Most of us must go to work every day and perform repetitive tasks that are rarely of our choosing. And when these unwanted routines run — as they do — it isn’t long before our growing resistance to them leaves us feeling weary, if not burned out! Even if we’re lucky enough to make a living doing what we wish, what feels good one moment can become a grind the next; we all know the drill whenever we start feeling stuck. Resistance to our situation swells in us like a cresting wave, and moments later we’re carried into a world without gratitude, enthusiasm, or hope. Now add to this sad scenario the fact that this resistance itself becomes a part of our routine, and it’s easy to see why we often feel as if we’re stuck in a rut!
The first step to releasing ourselves from any sense of being in a rut begins with seeing this truth: The real nature of what we call our “daily grind” is really just our own mind telling itself, over and over again, how much it wishes things would change. If life seems like a grind, it’s only because we’re following around the same level of thinking that makes it so. Blaming outside circumstances for trapping us in a rut is like blaming the television for the boredom we feel while sitting watching nothing but reruns. It’s time to break our ties with anything in us that would rather complain about its situation than go to work to change it.
The first step to breaking out of any rut in life is to no longer enable the parts of us that keep walking in them while wishing they weren’t so deep! Learning to watch our own thoughts and feelings — to be quietly attentive to what the mind is attending to in each moment — ensures that we won’t fall into these ditches, because our heightened level of attention keeps them from being dug!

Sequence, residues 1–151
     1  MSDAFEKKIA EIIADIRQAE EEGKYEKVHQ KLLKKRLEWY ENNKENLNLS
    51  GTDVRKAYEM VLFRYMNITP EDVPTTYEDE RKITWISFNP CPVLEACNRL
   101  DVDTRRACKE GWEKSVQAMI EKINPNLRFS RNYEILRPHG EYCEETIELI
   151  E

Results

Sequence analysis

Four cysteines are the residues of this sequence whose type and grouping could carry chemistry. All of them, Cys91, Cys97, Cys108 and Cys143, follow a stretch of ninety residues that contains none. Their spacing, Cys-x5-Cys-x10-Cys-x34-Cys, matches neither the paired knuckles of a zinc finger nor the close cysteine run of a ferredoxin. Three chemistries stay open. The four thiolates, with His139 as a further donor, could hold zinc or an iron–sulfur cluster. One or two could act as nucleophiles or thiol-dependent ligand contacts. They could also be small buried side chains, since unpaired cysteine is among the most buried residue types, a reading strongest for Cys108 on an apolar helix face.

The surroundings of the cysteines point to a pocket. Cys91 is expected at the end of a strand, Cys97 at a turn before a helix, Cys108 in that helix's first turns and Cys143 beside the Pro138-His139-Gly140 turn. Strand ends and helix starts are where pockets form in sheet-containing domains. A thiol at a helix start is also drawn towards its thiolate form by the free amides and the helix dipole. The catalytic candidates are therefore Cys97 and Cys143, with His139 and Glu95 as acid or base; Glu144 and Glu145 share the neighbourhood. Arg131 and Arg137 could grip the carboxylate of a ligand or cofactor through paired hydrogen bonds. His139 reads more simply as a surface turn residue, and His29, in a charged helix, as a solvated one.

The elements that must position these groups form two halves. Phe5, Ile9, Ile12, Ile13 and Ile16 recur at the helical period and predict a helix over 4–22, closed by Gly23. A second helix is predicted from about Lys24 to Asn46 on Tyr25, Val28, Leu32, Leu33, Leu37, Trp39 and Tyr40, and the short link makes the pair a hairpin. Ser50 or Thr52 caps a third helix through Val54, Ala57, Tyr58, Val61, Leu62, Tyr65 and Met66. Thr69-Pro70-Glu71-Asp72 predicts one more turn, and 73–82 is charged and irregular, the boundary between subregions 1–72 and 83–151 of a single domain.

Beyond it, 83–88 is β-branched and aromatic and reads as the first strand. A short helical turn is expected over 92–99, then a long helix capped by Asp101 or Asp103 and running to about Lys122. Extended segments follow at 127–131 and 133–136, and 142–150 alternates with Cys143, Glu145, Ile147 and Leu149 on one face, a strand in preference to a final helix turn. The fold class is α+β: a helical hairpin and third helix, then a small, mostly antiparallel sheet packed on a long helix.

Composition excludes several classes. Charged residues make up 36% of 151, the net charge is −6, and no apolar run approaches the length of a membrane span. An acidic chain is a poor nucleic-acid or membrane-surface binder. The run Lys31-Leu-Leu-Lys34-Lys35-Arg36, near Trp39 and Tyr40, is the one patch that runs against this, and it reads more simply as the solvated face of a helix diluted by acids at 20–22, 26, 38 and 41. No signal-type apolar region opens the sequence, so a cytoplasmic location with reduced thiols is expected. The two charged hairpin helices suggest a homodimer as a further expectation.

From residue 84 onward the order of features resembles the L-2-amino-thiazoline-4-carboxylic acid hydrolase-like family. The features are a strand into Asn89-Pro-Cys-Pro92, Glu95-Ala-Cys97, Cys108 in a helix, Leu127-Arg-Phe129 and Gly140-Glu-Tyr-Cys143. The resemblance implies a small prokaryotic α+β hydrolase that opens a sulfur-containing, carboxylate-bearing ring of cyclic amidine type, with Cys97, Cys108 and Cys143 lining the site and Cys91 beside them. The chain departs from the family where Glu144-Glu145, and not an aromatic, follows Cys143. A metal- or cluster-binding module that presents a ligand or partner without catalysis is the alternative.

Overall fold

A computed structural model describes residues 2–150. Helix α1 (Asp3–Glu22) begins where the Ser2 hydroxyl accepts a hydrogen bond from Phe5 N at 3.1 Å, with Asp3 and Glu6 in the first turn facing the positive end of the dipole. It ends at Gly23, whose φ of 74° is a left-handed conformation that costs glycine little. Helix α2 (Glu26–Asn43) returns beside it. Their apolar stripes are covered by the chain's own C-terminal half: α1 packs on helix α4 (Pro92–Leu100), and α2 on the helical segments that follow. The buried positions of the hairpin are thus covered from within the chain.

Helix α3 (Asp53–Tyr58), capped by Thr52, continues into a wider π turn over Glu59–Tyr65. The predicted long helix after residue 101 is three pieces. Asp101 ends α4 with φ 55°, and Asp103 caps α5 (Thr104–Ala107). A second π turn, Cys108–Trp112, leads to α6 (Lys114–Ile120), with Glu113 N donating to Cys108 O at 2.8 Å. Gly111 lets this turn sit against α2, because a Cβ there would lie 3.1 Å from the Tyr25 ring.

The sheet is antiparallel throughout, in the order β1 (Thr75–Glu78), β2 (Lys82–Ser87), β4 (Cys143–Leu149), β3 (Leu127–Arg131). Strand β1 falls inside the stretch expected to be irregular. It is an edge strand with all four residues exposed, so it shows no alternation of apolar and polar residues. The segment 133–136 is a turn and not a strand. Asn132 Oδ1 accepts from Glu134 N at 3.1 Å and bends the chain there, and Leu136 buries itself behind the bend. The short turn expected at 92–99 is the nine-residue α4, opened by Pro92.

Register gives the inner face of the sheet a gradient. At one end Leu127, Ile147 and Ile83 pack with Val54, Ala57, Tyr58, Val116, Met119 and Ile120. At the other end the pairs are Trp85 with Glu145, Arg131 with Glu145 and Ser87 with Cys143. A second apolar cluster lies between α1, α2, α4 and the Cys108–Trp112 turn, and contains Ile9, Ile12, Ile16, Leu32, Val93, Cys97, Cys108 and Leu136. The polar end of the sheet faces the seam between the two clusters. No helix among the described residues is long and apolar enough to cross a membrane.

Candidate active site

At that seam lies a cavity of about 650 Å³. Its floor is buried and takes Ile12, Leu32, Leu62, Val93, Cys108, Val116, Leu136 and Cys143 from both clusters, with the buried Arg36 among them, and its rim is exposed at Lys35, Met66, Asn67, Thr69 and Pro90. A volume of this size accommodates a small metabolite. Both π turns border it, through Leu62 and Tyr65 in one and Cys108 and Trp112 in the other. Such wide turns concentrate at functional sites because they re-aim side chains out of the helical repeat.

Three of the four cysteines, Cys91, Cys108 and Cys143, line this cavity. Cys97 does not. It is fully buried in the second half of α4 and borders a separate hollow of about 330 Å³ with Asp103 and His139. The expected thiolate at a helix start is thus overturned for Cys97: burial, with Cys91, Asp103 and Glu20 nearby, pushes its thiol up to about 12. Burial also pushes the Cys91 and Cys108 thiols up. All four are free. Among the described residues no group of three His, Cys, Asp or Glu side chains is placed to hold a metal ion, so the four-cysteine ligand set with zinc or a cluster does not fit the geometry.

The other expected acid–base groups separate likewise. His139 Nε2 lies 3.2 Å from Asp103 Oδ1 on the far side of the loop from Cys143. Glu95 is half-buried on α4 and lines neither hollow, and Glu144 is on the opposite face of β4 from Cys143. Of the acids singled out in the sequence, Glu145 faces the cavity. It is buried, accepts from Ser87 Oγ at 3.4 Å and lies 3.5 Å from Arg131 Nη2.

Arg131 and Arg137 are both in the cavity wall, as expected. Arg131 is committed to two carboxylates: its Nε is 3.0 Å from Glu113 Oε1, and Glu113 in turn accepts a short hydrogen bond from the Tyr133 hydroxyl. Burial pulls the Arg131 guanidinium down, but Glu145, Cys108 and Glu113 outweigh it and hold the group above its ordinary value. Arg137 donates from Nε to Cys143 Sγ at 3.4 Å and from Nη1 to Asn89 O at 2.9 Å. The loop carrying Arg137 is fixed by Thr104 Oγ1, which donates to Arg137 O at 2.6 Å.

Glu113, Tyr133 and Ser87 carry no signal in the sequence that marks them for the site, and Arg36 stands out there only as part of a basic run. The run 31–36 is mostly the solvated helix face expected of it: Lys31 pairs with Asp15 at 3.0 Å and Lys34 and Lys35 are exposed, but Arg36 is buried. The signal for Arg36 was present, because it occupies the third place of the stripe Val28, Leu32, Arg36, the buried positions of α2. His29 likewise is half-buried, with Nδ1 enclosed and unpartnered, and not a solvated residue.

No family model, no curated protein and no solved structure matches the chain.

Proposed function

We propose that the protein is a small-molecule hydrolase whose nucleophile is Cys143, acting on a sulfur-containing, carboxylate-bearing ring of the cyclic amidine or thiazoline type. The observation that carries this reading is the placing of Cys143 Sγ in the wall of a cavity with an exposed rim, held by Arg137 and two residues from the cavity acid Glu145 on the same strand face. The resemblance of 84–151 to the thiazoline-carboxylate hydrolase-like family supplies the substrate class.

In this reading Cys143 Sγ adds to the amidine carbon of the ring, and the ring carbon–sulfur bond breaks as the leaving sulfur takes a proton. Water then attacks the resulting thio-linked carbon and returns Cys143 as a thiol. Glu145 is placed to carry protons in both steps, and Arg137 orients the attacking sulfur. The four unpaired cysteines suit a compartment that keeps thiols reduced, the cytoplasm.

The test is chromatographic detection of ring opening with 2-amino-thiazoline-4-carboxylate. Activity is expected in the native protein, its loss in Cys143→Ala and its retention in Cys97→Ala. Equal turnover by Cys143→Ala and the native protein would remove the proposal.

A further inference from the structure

For encouragement along the way, just notice how, each time you bring your attention into the present moment, it’s you who gets the gift of being made new. That’s the way it works. See how many times you can catch yourself just as you’re about to go on the “ride” of not wanting to be where you are — of not wanting to do what you must. Then deliberately step out of that long line of repetitive thoughts and feelings. Take your attention off what you don’t want, and bring it into the new moment — as it is.
This new and higher level of attention connects you to the present moment, the living now. The interior task of working to remain attentive in this way grants you entrance into a world free of routine, without ruts of any kind — because no one has ever been there before you.